Boomtowns are typically characterized as "overnight expansions" in both population and money, as people stream into the community for mining prospects, high-paying jobs, attractive amenities or climate, or other opportunities. Typically, newcomers are drawn by high salaries or the prospect of "striking it rich" in mining; meanwhile, numerous indirect businesses develop to cater to workers often eager to spend their large paychecks. Often, boomtowns are the site of both economic prosperity and social disruption, as the local culture and infrastructure, if any, struggles to accommodate the waves of new residents. General problems associated with this fast growth can include: doctor shortages, inadequate medical and/or educational facilities, housing shortages, sewage disposal problems, and a lack of recreational activities for new residents.[2]

The University of Denver separates problems associated with a mining-specific boomtown into three categories:[2][3]

  1. deteriorating quality of life, as growth in basic industry outruns the local service sector’s ability to provide housing, health services, schooling, and retail
  2. declining industrial productivity in mining because of labor turnover, labor shortages, and declining productivity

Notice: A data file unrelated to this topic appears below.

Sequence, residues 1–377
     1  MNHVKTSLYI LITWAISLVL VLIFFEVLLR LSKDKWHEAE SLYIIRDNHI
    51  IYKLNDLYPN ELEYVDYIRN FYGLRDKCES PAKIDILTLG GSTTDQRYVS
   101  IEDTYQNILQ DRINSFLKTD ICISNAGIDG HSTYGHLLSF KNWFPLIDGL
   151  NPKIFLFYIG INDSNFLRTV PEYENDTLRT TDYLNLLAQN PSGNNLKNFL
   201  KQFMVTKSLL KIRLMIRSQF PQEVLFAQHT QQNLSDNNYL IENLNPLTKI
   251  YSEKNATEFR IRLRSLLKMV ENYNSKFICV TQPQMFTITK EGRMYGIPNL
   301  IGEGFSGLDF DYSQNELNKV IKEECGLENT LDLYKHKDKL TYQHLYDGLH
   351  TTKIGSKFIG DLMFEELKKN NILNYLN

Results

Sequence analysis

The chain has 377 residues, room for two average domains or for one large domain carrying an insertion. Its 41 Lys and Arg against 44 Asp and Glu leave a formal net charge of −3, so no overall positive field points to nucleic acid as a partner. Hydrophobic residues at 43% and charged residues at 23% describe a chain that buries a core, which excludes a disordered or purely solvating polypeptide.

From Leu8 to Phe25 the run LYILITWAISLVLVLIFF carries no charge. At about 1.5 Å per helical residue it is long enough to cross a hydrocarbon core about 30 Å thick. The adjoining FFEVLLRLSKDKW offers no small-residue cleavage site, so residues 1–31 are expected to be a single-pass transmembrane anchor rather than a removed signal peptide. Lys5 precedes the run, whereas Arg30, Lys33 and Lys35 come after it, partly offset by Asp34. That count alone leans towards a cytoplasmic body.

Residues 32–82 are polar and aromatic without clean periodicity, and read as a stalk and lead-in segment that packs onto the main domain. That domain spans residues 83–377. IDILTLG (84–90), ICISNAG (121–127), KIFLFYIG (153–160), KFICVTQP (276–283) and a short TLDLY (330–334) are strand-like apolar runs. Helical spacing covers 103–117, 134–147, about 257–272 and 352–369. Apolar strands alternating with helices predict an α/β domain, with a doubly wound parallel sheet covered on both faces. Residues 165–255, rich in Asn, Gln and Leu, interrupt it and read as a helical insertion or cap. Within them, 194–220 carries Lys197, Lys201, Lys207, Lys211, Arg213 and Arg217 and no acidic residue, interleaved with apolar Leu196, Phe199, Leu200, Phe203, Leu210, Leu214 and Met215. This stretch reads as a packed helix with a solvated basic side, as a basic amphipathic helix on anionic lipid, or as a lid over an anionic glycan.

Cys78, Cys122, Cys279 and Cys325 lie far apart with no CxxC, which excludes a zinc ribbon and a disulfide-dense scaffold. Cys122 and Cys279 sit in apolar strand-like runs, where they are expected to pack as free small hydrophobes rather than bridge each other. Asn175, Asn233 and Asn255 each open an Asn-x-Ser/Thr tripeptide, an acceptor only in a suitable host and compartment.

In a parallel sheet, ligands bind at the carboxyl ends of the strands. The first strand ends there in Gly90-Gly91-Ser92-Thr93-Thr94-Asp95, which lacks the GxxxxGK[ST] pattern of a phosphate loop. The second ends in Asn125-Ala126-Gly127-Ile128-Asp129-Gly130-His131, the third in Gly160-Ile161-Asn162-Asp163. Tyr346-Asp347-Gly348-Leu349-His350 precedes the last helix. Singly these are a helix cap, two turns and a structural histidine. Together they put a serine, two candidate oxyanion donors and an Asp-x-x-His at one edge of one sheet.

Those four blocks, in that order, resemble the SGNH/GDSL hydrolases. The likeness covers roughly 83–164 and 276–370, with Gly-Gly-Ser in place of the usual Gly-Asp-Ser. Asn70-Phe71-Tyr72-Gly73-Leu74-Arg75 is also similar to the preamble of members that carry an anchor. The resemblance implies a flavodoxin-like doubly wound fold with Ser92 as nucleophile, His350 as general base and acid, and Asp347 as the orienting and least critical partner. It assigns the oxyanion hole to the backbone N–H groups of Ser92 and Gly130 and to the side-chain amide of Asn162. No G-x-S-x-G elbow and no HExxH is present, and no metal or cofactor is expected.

3. an underserving by the local service sector in goods and services because capital investment in this sector does not build up adequately

The initial increasing population in Perth, Australia (considered to be a modern-day boomtown) gave rise to overcrowding of residential accommodation as well as squatter populations.[4] "The real future of Perth is not in Perth’s hands but in Melbourne and London where Rio Tinto and BHP Billiton run their organizations", indicating that some boomtowns’ growth and sustainability are controlled by an outside entity.[4]

Boomtowns are typically extremely dependent on the single activity or resource that is causing the boom (e.g., one or more nearby mines, mills, or resorts), and when the resources are depleted or the resource economy undergoes a "bust" (e.g., catastrophic resource price collapse), boomtowns can often decrease in size as fast as they initially grew. Sometimes, all or nearly the entire population can desert the town, resulting in a ghost town.